Structural characterisation of the prokaryotic sodium channel C-terminal domain

Miller, Wayne (2015) Structural characterisation of the prokaryotic sodium channel C-terminal domain. PhD thesis, Birkbeck, University of London.

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Abstract

Since the discovery of the first prokaryotic voltage gated sodium channel (Nav) in 2001, prokaryotic Navs have been a high priority target for structural study. Prokaryotic Navs are of interest as a model system due to their homology to eukaryotic Navs, which are high value drug development targets for their roles in pain perception and neural function. While prokaryotic Navs have function and pharmacology distinct from their eukaryotic homologues, understanding their structure holds implications for drug development and for understanding diseases stemming from neuronal dysfunction. However, Navs have historically been challenging targets for structural study, resisting attempts at crystallisation until recently. In this study, expression, purification, and characterisation of a chimera of the NavBh channel and the ligand gating RCK domain from the prokaryotic potassium channel MthK has been performed. It was hypothesised that the addition of the RCK domain would improve the channel’s crystallisation potential, and create a ligand gated Nav for functional characterisation. Electrophysiological studies demonstrated that the RCK domain was capable of gating NavBh, however the chimera had reduced solubility, indicating that this chimeric fusion was not an ideal target for structural study due to low purification yields. Following this, and in light of recent studies that suggested the structure of the prokaryotic Nav C-terminus had a role in channel function, structural analysis of the C-terminus of a prokaryotic Nav homologue cloned from Bacillus alcalophilus has been performed. Synchrotron radiation circular dichroism analysis of serial C-terminal truncations demonstrated the structure of the NsvBa C-terminus consists of a helical region connected to the channel pore by a disordered neck region, despite conflicting bioinformatics predictions. This offers further support for the hypothesis that in functional Navs, the C-terminus consists of a disordered neck region connecting a coiled-coil to the base of the pore, which acts as a spring to assist in channel gating and inactivation.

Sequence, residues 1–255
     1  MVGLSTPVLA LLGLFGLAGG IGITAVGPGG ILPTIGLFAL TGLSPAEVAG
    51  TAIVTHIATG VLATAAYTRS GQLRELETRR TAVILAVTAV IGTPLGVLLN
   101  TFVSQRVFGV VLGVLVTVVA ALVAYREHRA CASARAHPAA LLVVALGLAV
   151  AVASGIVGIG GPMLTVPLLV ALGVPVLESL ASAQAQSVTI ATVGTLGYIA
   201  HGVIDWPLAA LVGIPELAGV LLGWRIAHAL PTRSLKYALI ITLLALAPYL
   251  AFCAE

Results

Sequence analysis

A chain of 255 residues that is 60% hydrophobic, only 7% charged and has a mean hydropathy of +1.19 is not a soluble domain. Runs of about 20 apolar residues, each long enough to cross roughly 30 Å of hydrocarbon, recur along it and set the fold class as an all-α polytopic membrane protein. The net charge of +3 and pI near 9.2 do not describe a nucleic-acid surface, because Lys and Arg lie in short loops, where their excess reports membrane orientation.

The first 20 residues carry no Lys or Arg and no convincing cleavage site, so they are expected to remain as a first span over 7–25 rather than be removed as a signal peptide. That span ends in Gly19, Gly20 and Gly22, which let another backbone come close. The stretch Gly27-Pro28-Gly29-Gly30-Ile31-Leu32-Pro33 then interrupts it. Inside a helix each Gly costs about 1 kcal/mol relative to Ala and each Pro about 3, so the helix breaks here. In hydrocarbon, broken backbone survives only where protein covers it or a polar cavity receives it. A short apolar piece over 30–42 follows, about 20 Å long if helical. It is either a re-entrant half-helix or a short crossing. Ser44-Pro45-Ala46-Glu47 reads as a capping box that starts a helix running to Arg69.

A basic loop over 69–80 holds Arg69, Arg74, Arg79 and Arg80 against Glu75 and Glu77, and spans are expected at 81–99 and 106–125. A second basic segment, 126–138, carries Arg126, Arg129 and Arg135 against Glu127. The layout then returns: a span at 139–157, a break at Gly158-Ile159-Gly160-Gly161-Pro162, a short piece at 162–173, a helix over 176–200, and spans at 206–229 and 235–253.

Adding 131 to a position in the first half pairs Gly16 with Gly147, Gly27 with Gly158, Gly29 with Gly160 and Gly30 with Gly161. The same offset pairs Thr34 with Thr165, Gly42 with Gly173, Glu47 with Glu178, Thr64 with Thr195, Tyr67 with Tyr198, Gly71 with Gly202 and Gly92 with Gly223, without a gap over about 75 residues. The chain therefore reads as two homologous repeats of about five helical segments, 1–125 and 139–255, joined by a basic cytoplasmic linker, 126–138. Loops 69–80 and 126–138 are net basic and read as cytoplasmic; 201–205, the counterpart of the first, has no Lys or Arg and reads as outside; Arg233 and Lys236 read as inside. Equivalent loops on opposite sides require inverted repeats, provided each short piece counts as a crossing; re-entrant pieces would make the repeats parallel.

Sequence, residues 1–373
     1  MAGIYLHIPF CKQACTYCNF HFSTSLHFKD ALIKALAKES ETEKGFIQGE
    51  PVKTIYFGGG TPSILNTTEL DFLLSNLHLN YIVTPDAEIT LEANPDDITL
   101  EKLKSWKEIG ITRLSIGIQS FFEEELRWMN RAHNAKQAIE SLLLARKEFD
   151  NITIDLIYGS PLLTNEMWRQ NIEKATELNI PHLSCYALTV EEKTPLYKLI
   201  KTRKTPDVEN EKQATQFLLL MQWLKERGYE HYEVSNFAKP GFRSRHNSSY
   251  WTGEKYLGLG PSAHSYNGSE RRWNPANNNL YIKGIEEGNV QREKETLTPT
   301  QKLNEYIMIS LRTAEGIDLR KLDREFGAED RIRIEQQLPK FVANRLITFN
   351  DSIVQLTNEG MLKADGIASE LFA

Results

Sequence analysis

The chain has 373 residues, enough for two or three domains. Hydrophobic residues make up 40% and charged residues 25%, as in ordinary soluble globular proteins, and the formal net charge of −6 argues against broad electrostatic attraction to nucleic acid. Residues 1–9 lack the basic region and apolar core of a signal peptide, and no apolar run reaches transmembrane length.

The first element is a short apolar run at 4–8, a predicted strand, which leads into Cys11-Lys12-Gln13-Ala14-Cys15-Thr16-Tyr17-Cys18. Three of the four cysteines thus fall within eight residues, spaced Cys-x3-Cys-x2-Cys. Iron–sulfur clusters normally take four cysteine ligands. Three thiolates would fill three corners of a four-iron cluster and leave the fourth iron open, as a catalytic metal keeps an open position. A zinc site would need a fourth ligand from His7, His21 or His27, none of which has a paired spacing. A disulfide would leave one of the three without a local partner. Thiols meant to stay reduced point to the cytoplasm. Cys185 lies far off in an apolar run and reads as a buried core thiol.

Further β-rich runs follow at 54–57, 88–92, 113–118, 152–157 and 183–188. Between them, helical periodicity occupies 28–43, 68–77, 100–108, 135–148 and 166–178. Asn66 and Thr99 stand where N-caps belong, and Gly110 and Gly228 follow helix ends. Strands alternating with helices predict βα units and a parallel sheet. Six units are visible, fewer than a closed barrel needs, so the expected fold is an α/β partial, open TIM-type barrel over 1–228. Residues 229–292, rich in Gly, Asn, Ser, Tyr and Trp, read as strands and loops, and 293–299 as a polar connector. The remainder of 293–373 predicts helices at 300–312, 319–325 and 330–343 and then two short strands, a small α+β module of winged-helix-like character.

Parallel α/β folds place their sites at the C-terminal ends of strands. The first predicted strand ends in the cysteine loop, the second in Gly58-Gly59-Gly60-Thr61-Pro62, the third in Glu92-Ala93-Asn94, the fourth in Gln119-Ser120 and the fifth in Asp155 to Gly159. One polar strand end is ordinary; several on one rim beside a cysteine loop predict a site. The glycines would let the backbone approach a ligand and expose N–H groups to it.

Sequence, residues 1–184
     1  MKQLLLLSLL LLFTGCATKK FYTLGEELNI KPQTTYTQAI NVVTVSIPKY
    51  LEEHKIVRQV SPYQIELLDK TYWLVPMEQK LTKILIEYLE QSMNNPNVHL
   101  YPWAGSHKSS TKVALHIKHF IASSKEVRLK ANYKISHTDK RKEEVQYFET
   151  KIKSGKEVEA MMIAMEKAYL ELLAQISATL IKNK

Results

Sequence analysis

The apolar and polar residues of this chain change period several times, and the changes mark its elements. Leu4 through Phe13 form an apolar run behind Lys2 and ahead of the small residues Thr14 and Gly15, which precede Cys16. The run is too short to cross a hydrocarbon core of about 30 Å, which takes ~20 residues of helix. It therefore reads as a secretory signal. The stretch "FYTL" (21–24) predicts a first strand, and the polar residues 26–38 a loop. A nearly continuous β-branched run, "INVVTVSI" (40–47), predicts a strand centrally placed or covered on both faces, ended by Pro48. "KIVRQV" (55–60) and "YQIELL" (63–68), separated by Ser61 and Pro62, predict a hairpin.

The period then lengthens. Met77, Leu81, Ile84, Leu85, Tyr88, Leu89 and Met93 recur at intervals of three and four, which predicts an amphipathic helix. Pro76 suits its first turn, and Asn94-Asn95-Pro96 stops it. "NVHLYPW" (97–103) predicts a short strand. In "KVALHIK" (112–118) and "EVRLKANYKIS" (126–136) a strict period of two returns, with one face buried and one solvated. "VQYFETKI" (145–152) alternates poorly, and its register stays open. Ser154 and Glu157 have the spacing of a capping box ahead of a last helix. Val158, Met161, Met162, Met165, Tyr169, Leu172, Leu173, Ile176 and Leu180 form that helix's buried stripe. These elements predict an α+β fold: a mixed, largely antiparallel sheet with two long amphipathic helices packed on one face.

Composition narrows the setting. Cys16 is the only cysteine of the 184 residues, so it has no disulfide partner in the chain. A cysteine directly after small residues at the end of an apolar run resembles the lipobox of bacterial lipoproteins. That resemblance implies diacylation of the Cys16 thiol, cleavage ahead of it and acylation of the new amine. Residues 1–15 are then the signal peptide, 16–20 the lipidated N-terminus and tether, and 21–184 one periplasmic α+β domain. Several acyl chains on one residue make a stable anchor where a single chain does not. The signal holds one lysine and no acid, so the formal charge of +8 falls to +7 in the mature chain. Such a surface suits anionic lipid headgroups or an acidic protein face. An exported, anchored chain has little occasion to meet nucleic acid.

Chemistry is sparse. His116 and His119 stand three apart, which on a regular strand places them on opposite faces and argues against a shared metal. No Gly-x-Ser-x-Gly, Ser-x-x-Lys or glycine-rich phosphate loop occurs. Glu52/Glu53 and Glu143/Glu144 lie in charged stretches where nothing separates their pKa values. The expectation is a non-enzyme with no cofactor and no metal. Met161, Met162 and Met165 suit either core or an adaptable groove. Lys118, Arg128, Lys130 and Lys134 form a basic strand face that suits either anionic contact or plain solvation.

Item Type: Thesis (PhD)
Copyright Holders: The copyright of this thesis rests with the author, who asserts his/her right to be known as such according to the Copyright Designs and Patents Act 1988. No dealing with the thesis contrary to the copyright or moral rights of the author is permitted.
School/Department: School of Science > Biological Sciences
Depositing User: ORBIT Editor
Date Deposited: 26 Aug 2015 10:37
Last Modified: 26 Aug 2015 10:47
URI: http://bbktheses.da.ulcc.ac.uk/id/eprint/140

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